The blur police came to me many times and I’m sure they pulled you over before too. That moment when you take that stunning photo, just to realize at a closer look... That it's blurry!! Well, not to worry, here is my complete guide on how to capture super sharp pictures from now on!
Why Did This Happen To Me?
Well to say it simply: it usually is related to focusing, shutter speeds, physical movements, and a variety of other factors. This of course doesn't say much, so keep on reading to learn more!
Now focusing is what you're most familiar with, but perhaps the most complicated part on this list. Before taking any photograph, you have a variety of settings to choose from, starting with either manual or auto. Most likely you aren't going to use manual as it isn't practical to use with most subjects, and modern autofocus technology is pretty reliable.
options for autofocus methods
- AF-(Single)-Servo: this will allow the camera to stop focusing once it confirms that the subject is in focus. Note that usually, the camera will not allow you to take any pictures until it locks the focus. This option is not recommended unless you are taking pictures of still life or landscapes.
- AF-Continuous: as long as you are holding down the focusing button, the camera will be constantly refocusing. When you hit the shutter button, the camera will capture the picture no matter what. This option is most practical to use with portrait or wildlife photography.
- AF-Auto: you are letting the camera choose one of the above options.
Options for Focus Areas
- Single: this option lets you choose the exact point you want the camera to focus within the viewfinder. This is my preferred option as it gives the most control.
- Dynamic Area: you still select a specific point just like single, except if the subject moves away, the camera will adjust within the area of a specific amount of chosen points (e.g. 9, 21, 51).
- 3D Tracking: similar to single, except once you activate the focus, the camera tracks the motion of the subject.
- Auto: this uses algorithms to identify special features such as faces to focus on them.
Additionally, if you go through your camera's settings, you may find an option to turn on the thumb or back button focusing, which extremely helps with efficiency and to pay closer attention to details.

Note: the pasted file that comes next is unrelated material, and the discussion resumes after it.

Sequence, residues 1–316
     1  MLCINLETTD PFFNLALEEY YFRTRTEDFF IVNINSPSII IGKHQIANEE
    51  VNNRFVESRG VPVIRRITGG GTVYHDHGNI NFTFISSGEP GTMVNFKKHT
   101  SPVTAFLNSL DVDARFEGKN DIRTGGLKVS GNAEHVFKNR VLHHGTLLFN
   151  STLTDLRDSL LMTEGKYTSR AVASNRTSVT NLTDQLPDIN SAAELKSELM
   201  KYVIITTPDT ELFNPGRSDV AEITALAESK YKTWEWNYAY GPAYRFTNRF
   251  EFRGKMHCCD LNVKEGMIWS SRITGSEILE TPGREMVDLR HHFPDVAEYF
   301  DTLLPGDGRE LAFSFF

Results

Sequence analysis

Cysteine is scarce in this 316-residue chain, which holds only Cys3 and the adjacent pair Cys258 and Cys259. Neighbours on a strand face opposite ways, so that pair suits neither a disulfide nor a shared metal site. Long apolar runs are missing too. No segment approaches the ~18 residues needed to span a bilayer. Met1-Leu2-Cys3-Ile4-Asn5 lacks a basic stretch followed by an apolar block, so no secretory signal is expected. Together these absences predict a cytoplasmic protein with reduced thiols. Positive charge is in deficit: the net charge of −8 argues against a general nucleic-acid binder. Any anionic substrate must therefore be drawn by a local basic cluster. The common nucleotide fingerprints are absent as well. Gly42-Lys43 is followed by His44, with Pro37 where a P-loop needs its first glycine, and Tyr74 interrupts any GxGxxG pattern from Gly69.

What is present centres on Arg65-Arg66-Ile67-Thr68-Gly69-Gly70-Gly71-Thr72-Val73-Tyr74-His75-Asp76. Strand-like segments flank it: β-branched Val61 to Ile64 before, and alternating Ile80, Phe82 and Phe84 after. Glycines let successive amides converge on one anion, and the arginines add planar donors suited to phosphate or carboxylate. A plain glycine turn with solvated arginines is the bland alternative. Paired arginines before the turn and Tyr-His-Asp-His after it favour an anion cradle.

Now, what if your autofocus is perfect, but only part of your image is in focus? The mechanism that is responsible for that is known to be the aperture or iris of the lens. This controls the opening size within the lens which restricts light and detail sensitivity as it reaches the sensor. An important term associated with this concept (that you may already be familiar with), is called depth of field (DOF). Here is a demonstration:
- Shallow DOF - big opening (e.g. f2.8) = more light, but less detail sensitive
- Deep DOF - small opening (e.g. f22) = less light, but more detail
A good way to remember this is to use a painting analogy. Say we have a big paintbrush and a small paintbrush. The brushes will represent the aperture, the paint will represent light, and the canvas will be the camera sensor. If we use a small paint brush (e.g. f2.8), we can add more detail, but with less paint at a time. However, if we use a big paintbrush (e.g. f22), the opposite is true. A big brush will add more paint, but there will be less detail.
Now it is really important that you understand that you may not always want more detail or more light. For example, as portrait photographers, we only want the person in focus (>f2.8) as we don't need to be distracted by irrelevant details. Separating the subject from the background is a very quick way to capture a professional-looking portrait. However, if we were capturing a landscape, we would want everything in focus (<f22) as all visual elements will be relevant to us.
Now maybe poor focusing or aperture isn't the problem? Then I recommend you check out how motion blur caused by shutter speeds can ruin your photos. There are two factors that determine the appropriate shutter speed.